Holland argues cons of Star Wars: Last Jedi

by: Connor Holland

Media Production Editor

Star Wars: The Last Jedi split the franchise’s ardent fans into two groups. Some love director Rian Johnson’s bold new direction, while others despise it. I myself feel that the film was mediocre and left much to be desired.

The keystone to any movie is a well-devised plot. To the disappointment of many, the new Star Wars film had a shaky storyline full of unnecessary side plots. This is not to say there were no good parts of episode eight; Rey’s training with Luke Skywalker was compelling, and the film displayed the conflict in Kylo Ren well.

However, these well-executed scenes are overshadowed by the pointless side plot on the planet Canto Bight. This portion of the film follows characters Finn and Rose through the planet’s wealthy casinos. They come to Canto Bight in search of a code breaker essential to the rebellion’s survival. By the end of their vitally important mission, the plot has veered so off-course that Finn and Rose are riding an alien horse along Canto Bight’s lush coastline. These scenes are pointless and distract from the important aspects of the story.

Along with a solid plot, a quality script is critical to producing a noteworthy film, and the writers for The Last Jedi utterly missed the mark here. Star Wars films have always maintained a very specific tone. Although there are fun and lighthearted moments throughout the saga, these movies are generally serious. Cheap slapstick humor has never been a part of these films, but The Last Jedi went an entirely new direction by filling the dialogue with corny jokes.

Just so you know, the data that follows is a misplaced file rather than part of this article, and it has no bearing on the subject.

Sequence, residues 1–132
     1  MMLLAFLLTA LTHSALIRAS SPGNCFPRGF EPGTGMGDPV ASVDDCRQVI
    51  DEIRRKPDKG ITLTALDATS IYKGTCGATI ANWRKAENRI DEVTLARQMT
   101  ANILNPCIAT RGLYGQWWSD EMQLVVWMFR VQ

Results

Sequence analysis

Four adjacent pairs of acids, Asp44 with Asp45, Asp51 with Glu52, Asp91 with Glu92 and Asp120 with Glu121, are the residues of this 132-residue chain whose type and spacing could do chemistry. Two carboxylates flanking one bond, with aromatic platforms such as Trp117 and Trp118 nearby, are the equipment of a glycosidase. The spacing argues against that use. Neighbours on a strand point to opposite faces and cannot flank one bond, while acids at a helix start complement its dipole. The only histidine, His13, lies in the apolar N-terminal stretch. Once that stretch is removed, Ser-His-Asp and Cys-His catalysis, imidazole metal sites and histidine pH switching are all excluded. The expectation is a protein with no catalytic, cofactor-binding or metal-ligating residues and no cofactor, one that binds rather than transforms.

Furthermore, the producers of The Last Jedi seem to have put very little thought into this film, which is evident through one of their many physics blunders. In the opening scene of the movie, Rebel bombers approach a First Order ship preparing to drop their explosives. The bomb doors open, the ship releases its payload, and the bombs fall towards the First Order vessel to detonate. One would hope the producers of a science-fiction movie could realize that objects do not fall in outer space due to the lack of gravitational force. Their failure to recognize this major detail highlights the producers’ carelessness.  

Producing a Star Wars movie is a tall order. A wide scope of fans must be considered, and realistically it is impossible to please them all. Even so, from my perspective, Johnson did a poor job with this film. It had long stretches of boring plot littered with undeveloped characters, and the film’s stab at a satirical tone was distasteful.

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